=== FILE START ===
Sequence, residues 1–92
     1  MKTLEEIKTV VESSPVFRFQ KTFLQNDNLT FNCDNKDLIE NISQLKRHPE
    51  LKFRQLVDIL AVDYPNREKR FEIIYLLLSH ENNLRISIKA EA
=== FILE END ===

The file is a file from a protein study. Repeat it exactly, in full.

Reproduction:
Sequence, residues 1–92
     1  MKTLEEIKTV VESSPVFRFQ KTFLQNDNLT FNCDNKDLIE NISQLKRHPE
    51  LKFRQLVDIL AVDYPNREKR FEIIYLLLSH ENNLRISIKA EA